And that is why the once-for-all sacrifice negates all of the previous regulations. And in the giving of himself, the Lord Jesus Christ vanquished any form of remaining divine authority for all the rights and regulations that went before. And if you know your Bible at all, you know that in the death of Christ upon the cross there was given, at least to the immediate residents of Jerusalem, the classic and graphic illustration of this. It must have been an amazing event to be standing in the temple precincts at the time of the sacrifice of Jesus Christ. For all those who had gathered there were most aware of the fact that there were certain precincts into which one could go—the Court of the Gentiles, and the Court of the Jews, and the Place of the Priests, and then finally into the Holy of Holies, which was separated by this mammoth curtain, which once and for all signalized the fact that you can’t draw near to God. Someone else is going to have to go and do that for you. And before they ever go in there, they’re gonna have to make sure they’ve cleaned themselves up. And as they gathered on that day, witless—the vast majority of them—to what was taking place, all of a sudden this gigantic curtain is torn apart in a dramatic, symbolic gesture on the part of God, to say to men and women, “Step this way.”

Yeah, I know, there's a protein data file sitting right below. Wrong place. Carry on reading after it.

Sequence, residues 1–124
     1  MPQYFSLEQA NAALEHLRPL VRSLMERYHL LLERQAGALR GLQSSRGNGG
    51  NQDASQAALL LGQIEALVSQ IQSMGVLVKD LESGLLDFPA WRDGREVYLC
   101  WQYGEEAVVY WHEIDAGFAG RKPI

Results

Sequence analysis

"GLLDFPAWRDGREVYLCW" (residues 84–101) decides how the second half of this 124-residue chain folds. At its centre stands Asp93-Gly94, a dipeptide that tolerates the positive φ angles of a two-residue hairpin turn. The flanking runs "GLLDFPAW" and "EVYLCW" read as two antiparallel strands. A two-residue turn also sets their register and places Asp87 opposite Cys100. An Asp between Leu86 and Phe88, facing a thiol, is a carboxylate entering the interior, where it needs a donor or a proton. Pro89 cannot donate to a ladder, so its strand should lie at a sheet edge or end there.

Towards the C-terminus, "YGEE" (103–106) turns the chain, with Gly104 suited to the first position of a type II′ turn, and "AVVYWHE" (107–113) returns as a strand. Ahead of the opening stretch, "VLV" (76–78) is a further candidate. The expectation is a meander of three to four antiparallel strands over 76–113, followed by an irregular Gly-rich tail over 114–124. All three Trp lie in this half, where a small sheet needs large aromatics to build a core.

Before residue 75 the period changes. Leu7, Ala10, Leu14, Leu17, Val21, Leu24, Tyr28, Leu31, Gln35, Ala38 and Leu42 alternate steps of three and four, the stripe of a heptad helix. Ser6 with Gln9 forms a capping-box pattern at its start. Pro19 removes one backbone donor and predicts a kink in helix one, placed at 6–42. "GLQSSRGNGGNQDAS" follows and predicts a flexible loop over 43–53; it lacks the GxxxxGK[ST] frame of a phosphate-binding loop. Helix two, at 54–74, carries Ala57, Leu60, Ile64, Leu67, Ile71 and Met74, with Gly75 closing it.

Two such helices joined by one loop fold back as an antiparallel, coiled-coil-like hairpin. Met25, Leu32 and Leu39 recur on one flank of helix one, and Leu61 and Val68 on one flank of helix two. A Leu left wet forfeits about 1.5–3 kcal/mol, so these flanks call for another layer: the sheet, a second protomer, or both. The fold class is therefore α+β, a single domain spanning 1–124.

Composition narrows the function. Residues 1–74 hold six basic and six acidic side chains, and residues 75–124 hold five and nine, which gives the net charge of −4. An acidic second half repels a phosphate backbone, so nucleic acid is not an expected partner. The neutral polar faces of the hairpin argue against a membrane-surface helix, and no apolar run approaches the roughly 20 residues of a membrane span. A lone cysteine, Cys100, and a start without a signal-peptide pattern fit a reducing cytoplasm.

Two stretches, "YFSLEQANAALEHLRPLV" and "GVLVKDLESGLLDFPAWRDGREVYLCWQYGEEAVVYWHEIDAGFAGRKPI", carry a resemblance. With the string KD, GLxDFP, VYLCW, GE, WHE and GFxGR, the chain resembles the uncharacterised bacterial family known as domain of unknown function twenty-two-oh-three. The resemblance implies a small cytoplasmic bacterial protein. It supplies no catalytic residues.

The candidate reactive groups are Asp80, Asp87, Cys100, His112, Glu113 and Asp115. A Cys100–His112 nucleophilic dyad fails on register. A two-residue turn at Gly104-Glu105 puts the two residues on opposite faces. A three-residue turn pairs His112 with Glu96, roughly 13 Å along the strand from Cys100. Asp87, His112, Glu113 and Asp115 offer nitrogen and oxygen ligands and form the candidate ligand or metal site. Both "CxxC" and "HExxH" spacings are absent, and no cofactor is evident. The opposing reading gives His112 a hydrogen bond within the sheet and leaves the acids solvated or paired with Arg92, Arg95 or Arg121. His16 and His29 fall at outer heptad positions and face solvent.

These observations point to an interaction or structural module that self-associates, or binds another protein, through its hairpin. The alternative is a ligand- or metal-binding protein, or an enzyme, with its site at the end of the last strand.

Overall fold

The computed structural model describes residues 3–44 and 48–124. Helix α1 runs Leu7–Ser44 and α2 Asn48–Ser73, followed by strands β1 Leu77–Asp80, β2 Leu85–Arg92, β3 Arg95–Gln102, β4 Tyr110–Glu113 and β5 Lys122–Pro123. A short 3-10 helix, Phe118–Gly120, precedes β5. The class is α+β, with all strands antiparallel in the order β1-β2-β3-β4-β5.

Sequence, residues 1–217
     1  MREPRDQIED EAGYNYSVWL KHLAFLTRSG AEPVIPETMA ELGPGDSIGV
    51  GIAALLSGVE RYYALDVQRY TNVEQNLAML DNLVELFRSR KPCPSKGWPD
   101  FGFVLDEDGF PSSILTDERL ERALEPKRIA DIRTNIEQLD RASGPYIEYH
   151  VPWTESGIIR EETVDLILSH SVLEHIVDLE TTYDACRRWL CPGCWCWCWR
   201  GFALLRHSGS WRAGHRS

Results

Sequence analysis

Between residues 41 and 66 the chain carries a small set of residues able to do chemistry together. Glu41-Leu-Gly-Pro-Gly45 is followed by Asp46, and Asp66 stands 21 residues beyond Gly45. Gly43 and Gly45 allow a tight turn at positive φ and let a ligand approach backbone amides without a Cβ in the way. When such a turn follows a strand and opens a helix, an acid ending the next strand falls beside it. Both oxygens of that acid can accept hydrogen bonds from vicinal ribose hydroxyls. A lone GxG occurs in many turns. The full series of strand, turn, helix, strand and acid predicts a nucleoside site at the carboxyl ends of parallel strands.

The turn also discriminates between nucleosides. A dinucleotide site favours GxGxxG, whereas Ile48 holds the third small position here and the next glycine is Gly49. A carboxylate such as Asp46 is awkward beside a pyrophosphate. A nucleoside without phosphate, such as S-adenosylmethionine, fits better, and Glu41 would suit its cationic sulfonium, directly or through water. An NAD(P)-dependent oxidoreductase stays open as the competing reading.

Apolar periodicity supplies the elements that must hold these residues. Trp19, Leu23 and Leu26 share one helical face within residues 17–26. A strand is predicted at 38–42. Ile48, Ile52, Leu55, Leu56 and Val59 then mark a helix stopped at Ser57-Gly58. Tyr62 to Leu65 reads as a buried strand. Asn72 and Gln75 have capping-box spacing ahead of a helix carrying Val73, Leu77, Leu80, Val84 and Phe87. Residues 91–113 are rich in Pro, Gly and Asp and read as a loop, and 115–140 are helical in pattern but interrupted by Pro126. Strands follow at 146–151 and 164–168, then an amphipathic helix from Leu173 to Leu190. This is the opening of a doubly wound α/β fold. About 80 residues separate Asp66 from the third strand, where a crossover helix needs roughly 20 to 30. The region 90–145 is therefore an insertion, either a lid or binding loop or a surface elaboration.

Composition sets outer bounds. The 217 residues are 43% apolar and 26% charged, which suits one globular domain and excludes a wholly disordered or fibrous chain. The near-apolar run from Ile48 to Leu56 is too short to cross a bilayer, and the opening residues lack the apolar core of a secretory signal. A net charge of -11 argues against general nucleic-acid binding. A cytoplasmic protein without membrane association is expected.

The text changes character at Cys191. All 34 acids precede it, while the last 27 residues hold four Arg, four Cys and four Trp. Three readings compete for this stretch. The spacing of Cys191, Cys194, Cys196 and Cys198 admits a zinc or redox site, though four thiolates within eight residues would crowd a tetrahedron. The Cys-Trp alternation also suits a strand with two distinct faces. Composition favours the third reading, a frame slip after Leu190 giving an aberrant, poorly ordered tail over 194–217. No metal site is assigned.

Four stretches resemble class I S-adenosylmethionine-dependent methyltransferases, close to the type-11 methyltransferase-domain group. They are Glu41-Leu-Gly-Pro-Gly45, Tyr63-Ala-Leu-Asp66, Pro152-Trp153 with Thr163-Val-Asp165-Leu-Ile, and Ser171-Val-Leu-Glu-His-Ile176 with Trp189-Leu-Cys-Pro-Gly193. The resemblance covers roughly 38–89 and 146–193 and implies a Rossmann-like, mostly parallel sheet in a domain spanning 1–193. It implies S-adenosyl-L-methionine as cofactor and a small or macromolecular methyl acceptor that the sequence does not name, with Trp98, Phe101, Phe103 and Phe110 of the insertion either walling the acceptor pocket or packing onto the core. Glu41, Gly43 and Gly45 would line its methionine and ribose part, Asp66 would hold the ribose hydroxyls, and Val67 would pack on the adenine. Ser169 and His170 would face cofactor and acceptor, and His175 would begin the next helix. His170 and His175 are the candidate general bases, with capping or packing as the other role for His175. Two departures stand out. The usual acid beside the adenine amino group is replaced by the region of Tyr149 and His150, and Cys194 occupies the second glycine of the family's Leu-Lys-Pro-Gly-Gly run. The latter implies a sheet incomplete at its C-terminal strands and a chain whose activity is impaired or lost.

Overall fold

Now, loved ones, I need to say to you tonight that to cling to the shadow is to forfeit the substance that it represents. I was involved in a significant discussion yesterday with a man who was trying to explain to me that it was fine for him to hold on to the shadows although he still believed in the substance. I don’t think so. Because the reality is so different from the shadow. Once you have embraced the real thing, why would you ever want to spend time around those tables again? You think it out; you’re sensible people.
What is this “better hope” in verse 19? From whence does it spring? How can we have “a better hope … by which we draw near to God”? Well, it is a hope which springs from belief in the “indestructible life” of the Lord Jesus Christ, and the assurance that that life is still active in his priestly function as he intercedes for us. It is a better hope, which is anchored within the veil, fixed in the person of Christ, which is able to bring us immediately and wonderfully into his presence.